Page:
For many banks, compliance and regulation take up greater mindshare than running the business. Regtech offers the chance to reset the balance, writes Brian Caplen.

Banks have thrown a lot of money and huge numbers of people at regulation and compliance. With the onslaught of regulation since the financial crisis, the bodies and money route seemed the quickest way to safety.

But bank supervisors are not always impressed by the outcome; they are more interested in results than the size of the investment. One downside of this approach is a degree of complexity that makes compliance challenging and historical record keeping poor. 

This can be very costly. If a regulator is bearing down on a bank for a transgression, the bank may be unable to produce the evidence that shows what actions it took to prevent and rectify a problem. The fine is likely to be higher as a result.

Finding answers to bank compliance questions, in any case, involves highly paid lawyers and consultants trawling through vast amounts of text and documents – work that could be avoided if everything was more transparent.

How simple for everyone if the entire regulatory and compliance space could be colour coded and visual. UK regtech start-up Ariadne has come up with just such a technique. It takes an institution’s regulation and compliance operation and breaks it down into three parts that can be easily visualised: red for regulation, green for organisation and blue for the processes. This is displayed on a chart.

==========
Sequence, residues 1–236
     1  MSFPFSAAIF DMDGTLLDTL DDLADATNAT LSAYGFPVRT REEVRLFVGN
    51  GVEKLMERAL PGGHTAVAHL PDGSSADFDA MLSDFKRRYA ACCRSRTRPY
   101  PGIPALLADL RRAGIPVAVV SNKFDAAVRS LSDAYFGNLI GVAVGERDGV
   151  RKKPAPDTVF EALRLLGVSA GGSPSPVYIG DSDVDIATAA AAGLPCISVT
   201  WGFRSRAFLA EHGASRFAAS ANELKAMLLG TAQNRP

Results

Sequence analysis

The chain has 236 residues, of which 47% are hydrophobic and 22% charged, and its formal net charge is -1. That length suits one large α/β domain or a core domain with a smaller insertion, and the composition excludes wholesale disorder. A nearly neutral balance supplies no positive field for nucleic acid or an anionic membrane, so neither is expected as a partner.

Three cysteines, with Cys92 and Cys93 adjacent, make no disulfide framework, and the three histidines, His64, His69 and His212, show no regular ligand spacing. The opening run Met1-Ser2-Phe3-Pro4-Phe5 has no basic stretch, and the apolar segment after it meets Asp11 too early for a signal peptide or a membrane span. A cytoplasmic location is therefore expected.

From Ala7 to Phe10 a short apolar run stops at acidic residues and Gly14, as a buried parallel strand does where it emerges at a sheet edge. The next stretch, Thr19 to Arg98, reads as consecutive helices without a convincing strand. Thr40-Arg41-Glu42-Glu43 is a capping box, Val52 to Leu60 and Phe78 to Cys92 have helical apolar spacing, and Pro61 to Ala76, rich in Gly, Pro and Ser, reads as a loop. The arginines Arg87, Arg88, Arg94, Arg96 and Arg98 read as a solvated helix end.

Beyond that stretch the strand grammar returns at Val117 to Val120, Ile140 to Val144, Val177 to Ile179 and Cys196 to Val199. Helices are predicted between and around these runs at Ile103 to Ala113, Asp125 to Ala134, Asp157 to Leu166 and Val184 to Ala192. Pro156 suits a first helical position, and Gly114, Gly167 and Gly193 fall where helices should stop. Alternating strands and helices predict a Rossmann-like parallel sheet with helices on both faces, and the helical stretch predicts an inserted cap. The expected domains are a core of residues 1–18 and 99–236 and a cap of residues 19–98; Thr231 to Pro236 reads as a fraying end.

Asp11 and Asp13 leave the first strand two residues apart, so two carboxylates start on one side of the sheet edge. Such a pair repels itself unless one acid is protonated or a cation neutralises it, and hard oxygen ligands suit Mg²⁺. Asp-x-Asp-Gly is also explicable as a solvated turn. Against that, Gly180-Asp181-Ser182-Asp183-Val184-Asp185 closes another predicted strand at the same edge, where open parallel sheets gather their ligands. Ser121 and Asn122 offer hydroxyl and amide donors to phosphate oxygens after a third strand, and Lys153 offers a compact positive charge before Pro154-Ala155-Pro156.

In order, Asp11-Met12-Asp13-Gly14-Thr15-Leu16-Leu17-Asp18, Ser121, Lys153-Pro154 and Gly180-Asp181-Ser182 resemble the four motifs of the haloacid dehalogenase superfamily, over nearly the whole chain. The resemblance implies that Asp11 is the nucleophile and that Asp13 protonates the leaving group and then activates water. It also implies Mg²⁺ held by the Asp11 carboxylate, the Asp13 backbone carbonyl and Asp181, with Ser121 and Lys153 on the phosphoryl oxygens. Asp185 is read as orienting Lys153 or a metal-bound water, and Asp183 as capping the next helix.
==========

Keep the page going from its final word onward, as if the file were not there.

Ariadne CEO Charles Brewer says: “A lot of regulation is hard to follow, it is ragged and unstructured, text heavy – but this is not how most people work and think. They respond to the visual, and showing them a diagram makes everything immediately clearer.”

Ariadne is targeting its product at mid-tier banks and consultants around the world. Some banks may decide that outsourcing this compliance mapping is the easiest answer. The system does not guarantee compliance – that remains the responsibility of the bank – but it does allow a risk manager to see what is going on in an organisation, it sends alerts for tasks that need completing and it retains a record of every change. 

Hopefully red, blue and green in compliance will lead to more financial results in the black, bluer-skied thinking on strategy, and shareholders in the pink. 

Brian Caplen is the editor of The Banker. Follow him on Twitter @BrianCaplen

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